I also didn’t manage to get that blank facial expression out of the model so strapped on a gasmask.

Here you’ll see what the first level will look like in the final game (unless there are major changes in the rendering pipeline along the way.)

Thankfs for viewing! Feel free to drop me some feedback, its always appreciated 🙂

Posted in 3D Art, acythian, Development | Tagged , , , , , , | Leave a comment

Acythian – Ventshafts/Maintenance Area – Cyberpunk/Noir FPS Game

Start up from a solitary planet; again
but there’s a language that I never spoke
And it’s clogging up inside my throat
Electric connections
that were dormant now ingite
It’s like another part of sight
A second eyelid that was closed before
What did I say?
I never felt this way before
Is that what they say?
It’s a defect in my core

Developing a game is a very slow process but it speeds up as you go along. There is a certain groundwork that’ll really tie you down but once you’re over that hill you can really steam roll ahead. I’m not over that hill just yet but at least I can show you some screenshots from the air filtration area.
This is a string of very maintenance/industrial looking places connected through vent shafts. One of the beautiful things about Acythian is that this level is entirely skip-able. They way I see it only about 50% of the players will see it as the other half will likely use a different point of entry for the citadel. (An overgrown sewer level)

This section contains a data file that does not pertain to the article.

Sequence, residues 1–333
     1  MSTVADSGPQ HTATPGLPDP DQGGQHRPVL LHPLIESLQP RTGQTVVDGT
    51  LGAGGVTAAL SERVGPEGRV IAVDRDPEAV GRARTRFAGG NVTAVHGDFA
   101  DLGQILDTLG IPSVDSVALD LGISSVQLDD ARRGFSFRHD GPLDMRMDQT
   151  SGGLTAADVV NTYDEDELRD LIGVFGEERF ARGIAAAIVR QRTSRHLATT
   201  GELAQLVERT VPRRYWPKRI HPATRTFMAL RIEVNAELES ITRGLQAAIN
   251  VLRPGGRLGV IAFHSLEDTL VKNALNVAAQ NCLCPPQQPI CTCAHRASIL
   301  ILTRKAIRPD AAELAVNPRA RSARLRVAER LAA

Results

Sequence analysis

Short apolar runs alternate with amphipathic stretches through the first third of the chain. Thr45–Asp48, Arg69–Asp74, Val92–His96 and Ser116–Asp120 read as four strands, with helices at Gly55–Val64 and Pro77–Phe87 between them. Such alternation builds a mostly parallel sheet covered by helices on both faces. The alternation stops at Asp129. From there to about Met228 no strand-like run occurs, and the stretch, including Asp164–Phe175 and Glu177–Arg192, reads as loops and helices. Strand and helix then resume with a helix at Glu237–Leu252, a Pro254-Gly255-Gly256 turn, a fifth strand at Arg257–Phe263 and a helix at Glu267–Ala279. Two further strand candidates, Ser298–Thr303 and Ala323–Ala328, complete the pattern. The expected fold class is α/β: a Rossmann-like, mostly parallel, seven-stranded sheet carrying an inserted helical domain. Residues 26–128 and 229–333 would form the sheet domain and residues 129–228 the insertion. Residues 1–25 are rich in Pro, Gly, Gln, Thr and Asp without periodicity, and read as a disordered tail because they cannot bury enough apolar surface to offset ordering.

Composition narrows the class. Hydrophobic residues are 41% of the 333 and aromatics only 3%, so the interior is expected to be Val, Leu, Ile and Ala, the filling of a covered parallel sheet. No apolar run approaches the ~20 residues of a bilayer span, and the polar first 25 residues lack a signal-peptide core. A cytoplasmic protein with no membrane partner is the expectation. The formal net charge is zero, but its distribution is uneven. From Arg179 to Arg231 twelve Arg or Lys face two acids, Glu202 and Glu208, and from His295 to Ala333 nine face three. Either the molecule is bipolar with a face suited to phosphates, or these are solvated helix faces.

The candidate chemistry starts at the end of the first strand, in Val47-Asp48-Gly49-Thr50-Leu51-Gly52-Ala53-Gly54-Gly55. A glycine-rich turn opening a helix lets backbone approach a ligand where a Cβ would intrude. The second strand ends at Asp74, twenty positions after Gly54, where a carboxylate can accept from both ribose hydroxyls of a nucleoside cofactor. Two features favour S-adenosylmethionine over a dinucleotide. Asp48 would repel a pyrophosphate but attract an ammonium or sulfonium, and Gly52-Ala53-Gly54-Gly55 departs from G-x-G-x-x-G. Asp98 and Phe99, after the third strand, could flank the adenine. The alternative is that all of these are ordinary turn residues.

As this game requires a lot of custom models and media to really sell the rusty, gloomy cyberpunk atmosphere I’ll also make a lot of more simple stuff.
I’ve decided to give a set of fuse boxes away for free. You can download these here.

I’ve had a few set backs with this levels as a lot of my older, animated models use vertex animations and I didn’t get these to play in-game. This means that I’ll have to rig and animate a bunch of machinery. I suppose thats also interesting about this level, it has quite a lot of more dynamic, moving parts. This does of course require some more finesse when it comes to lighting the scene.

If you could give me feedback on what you like and dislike about this level I’d really appreciate it. Especially since its much easier to respond to criticism before I’ll do the 2nd detail make over. (Animated rats, bugs, dirt decals, the soundscape.)
This game has very little backtracking to hunt a key or activate a switch to progress, I’ll try to reduce tedious gameplay that is only there to artificially lengthen gameplay as much as possible. If you need an item or a key its always in a somewhat near and logical location for it to be.

I know that this is all looking similar to work I’ve shown before. I want the citadel to be consistent in look and tone and…as you know…making a game takes a lot longer than playing it

I’ve been settling on using the “stock” characters for this game and I’m pleasantly surprised that just by applying a little tinkering, they look enjoyably shady. They really fit the setting and I like the quality on them. I’ve just thrown a few into the map to test them. Face textures aren’t yet 100% aligned and you don’t actually meet these folks in these locations. I’m pretty sure fine tuning and texturing all the chars for this will be a long venture.

A ventshaft entry point: There used to be a time where this kind of screenshot was quality material in indie fps developing. That seems so distant now.

Posted in 3D Art, acythian, Development | Tagged , , , , , , , | Leave a comment